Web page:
Both these Acts give recognition to the fact that employees who are a victim of workplace-related injuries, accidents, occupational ailments, and death, have a right to receive compensation for the same.

What does workers’ compensation insurance cover?

Workers’ compensation insurance covers the following:

  • Temporary disability –

If the employee sustains an injury that gives him a disability such that he is unable to perform their job for a limited period: compensation is payable to the employee. Here the employee receives 25% of their total salary every two weeks, therefore, making it 50% of their total salary. The employee also has to undergo a physical assessment twice a month during the month right after the injury and once a month if they continue to claim compensation.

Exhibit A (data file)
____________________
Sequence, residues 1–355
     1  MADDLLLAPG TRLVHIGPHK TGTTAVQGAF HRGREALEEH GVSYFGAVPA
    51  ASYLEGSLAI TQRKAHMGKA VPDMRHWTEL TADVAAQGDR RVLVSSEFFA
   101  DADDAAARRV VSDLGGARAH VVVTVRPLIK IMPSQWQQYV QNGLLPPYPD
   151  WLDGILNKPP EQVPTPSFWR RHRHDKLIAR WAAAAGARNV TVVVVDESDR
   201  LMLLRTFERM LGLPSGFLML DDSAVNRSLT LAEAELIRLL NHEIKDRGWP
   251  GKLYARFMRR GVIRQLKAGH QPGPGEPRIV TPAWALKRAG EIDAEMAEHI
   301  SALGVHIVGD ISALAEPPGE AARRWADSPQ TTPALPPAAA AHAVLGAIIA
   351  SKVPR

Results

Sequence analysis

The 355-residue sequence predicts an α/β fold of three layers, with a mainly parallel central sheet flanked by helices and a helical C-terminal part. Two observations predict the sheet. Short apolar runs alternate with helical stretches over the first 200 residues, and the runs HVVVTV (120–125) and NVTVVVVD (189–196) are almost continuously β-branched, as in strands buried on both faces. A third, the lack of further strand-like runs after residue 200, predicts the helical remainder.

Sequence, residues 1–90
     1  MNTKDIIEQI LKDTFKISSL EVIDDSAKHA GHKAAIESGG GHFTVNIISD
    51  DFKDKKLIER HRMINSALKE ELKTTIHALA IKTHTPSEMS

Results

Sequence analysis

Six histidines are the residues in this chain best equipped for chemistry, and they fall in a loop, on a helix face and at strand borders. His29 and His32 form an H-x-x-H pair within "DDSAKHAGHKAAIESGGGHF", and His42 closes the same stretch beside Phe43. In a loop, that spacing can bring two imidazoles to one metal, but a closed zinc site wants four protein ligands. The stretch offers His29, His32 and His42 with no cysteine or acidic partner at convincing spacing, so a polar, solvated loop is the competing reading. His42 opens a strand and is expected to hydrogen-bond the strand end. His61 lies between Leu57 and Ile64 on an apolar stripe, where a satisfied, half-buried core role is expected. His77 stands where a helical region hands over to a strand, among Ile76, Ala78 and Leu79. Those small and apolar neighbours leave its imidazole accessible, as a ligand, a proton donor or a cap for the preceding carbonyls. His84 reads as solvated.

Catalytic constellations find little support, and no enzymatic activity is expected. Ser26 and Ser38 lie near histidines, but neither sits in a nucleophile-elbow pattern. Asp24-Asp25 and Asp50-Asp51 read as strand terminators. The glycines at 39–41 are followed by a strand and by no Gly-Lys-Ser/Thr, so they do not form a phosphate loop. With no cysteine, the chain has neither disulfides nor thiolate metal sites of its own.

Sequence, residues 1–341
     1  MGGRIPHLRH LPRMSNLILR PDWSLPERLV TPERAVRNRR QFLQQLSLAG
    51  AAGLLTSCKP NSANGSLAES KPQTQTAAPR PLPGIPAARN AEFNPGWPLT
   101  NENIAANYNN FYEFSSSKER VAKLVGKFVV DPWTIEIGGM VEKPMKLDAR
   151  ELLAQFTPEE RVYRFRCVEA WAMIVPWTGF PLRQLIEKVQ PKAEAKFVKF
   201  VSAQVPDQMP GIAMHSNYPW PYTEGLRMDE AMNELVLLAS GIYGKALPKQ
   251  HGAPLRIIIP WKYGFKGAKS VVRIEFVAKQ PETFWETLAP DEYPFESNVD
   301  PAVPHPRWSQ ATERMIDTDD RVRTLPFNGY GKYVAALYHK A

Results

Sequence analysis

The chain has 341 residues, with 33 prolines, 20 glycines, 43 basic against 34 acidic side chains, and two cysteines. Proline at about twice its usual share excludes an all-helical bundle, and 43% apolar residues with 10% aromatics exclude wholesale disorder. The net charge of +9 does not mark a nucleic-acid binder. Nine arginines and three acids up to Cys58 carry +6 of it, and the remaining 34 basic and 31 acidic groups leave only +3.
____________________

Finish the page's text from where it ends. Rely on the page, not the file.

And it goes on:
• Permanent partial disability –

Compensation is payable if the employee sustains an injury at work that leaves them disabled and incapable of performing their job-related tasks; to the same capacity (as before the injury) for the rest of their career. Here the compensation depends on the employee’s loss of earning capacity and the nature of the injury itself. There is a schedule of possible permanent disability injuries in the Act and the related loss of earning capacity. If the employee’s injury is not given in the schedule; a medical doctor has to be provided by the employer, to assess the injury and provide an estimate of the loss of earning capacity.

  • Permanent total disability –